University of Sussex
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All together now: institutional innovation for pro-poor electricity access in sub-Saharan Africa

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posted on 2023-06-09, 05:42 authored by Lorenz Gollwitzer
Access to electricity is an important precondition to many aspects of human and economic development. Yet, in rural sub-Saharan Africa in particular, access rates remain very low — at an average of 17% and much lower in some cases. Rural electrification in Kenya, the focus of this thesis, had only reached 7% in 2014. Given the goal of universal electrification by 2030, formulated as part of Sustainable Development Goal 7, scalable and replicable approaches that are able to support productive and non-productive uses are required. Mini-grids are one promising solution to this problem, alongside grid extension and off-grid approaches such as solar home systems. However, their long-term operational sustainability has historically been a challenge. While the academic literature to date on sustainable energy access has largely been two-dimensional in its analysis of mini-grids (focusing on technology and economics or financing), this thesis contributes to an emerging body of recent contributions to the literature, which have begun to foreground socio-cultural considerations. Bridging the literature on collective action for common-pool resource (CPR) management and property rights theory, a refined theoretical framework is produced for the purpose of analysing the institutional conditions for sustainable management of rural mini-grids. The utility of this framework and of treating electricity in a mini-grid as a CPR is demonstrated via empirical analysis of three case studies of mini-grids in rural Kenya and evidence from 24 expert interviews. This yields insights on nontechnological approaches to addressing operational challenges relating to sustainable mini-grid management, e.g. fair allocation of limited amounts of electricity to different consumers in ways that are acceptable to the entire community. This thesis develops contributions to the literature on sustainable CPR management and collective action, property rights theory and energy access in developing countries. From these theoretical and empirical insights, it explores a novel institutional structure for sustainable management of pro-poor mini-grids in the form of a community–private property hybrid management platform, thereby opening up opportunities for future research into the implementation of such a platform. The thesis represents the first comprehensive attempt to analyse the institutional aspects of pro-poor mini-grid management as well as the first comprehensive attempt to treat electricity in a mini-grid as a CPR.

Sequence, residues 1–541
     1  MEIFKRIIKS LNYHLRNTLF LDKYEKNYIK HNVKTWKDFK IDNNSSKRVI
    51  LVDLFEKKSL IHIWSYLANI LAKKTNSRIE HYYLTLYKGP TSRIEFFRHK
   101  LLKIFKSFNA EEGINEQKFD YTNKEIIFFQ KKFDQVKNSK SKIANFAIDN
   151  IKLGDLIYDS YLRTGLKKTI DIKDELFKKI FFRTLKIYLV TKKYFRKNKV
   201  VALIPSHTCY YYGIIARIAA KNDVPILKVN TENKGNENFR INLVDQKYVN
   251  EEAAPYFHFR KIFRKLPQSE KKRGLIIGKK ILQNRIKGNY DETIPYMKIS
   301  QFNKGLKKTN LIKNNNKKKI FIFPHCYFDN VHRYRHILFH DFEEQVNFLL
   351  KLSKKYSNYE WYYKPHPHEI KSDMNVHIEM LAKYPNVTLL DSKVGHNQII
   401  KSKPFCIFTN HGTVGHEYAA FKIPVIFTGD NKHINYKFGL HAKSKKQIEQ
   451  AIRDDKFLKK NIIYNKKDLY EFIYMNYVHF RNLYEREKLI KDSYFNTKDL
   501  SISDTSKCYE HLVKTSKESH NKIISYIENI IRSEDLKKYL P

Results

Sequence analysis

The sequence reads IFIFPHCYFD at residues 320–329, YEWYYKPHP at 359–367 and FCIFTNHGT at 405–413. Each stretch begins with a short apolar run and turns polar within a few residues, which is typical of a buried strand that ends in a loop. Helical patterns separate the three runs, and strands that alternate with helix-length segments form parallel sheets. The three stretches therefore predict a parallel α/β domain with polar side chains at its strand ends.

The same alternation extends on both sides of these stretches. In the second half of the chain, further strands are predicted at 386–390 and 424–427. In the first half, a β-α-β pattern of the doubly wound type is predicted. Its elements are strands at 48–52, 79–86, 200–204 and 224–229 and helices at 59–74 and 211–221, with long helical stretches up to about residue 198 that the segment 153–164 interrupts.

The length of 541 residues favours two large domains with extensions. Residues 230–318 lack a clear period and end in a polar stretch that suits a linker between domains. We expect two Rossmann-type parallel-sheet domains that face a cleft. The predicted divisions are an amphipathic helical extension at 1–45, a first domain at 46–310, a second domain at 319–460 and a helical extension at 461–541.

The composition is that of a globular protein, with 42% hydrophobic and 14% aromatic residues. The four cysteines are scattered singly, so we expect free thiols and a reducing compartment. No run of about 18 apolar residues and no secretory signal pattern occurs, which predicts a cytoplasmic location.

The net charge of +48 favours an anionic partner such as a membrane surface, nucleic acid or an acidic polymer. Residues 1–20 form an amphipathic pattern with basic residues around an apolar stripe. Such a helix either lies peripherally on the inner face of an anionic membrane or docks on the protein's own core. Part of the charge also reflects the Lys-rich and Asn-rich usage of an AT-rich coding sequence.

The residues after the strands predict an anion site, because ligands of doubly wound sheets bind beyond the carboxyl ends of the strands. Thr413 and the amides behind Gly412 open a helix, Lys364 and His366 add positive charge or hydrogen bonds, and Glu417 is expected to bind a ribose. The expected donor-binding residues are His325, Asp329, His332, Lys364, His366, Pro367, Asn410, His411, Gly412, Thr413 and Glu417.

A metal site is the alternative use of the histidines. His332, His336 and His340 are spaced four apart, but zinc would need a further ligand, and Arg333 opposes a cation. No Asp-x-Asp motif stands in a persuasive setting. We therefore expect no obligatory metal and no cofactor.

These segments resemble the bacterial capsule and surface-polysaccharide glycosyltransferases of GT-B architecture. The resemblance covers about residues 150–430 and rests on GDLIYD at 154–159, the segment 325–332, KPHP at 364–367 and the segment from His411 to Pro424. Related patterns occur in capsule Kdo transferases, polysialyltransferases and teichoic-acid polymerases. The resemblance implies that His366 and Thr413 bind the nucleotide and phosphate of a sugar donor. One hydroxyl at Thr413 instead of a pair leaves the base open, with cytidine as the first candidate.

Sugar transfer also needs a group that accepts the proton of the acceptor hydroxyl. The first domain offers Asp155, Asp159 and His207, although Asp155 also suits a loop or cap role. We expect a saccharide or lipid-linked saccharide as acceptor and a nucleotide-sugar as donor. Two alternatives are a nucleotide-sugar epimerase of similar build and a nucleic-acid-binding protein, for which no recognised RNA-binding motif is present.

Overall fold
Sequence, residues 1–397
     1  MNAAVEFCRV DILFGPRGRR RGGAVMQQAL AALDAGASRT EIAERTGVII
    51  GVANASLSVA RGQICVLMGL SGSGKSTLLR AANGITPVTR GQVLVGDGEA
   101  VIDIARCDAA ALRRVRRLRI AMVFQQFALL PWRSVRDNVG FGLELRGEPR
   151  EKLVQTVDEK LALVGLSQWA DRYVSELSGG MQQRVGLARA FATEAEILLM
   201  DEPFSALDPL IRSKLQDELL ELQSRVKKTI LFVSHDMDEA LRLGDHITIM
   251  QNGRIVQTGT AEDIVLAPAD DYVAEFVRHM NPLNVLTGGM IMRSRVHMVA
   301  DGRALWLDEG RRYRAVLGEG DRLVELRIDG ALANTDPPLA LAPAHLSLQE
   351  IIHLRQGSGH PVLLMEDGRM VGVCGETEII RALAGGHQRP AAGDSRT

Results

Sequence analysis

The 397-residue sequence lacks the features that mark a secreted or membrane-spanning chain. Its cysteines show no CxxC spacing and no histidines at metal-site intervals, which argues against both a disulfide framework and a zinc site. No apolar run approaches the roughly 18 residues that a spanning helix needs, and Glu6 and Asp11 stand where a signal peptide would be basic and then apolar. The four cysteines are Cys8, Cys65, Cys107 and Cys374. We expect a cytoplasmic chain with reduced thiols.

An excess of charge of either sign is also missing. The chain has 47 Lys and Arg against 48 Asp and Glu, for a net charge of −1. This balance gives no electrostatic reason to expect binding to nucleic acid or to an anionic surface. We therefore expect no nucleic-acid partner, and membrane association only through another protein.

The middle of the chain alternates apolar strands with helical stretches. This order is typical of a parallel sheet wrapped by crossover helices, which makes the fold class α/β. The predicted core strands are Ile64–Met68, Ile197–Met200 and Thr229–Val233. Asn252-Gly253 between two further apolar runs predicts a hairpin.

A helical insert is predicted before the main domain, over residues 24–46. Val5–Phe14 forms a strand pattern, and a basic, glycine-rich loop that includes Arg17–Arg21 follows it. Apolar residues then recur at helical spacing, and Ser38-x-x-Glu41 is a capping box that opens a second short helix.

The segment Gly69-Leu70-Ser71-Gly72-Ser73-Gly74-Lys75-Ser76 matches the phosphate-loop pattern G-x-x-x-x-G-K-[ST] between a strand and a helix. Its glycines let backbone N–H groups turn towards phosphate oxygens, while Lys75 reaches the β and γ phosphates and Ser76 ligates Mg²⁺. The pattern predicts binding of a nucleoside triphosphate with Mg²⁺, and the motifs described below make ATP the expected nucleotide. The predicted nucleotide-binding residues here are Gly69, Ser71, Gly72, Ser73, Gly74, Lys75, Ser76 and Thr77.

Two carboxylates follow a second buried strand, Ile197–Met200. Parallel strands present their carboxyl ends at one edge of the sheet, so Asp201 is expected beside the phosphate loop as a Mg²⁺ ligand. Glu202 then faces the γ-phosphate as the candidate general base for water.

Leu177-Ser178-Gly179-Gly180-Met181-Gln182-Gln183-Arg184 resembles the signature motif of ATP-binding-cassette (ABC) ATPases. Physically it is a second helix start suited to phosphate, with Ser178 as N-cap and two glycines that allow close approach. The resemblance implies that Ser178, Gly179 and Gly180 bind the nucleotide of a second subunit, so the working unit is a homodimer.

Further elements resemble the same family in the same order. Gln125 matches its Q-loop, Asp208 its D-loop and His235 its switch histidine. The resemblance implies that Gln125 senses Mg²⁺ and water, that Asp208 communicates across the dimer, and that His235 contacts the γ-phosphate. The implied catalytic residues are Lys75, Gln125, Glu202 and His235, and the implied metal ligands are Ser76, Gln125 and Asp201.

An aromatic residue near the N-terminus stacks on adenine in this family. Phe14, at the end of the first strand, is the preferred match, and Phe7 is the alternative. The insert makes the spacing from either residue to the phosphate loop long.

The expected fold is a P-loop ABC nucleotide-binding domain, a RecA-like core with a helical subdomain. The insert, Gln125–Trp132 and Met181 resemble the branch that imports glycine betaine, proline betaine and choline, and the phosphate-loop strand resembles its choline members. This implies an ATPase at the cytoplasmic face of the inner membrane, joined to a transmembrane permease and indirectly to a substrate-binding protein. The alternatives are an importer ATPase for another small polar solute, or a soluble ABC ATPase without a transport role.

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University of Sussex

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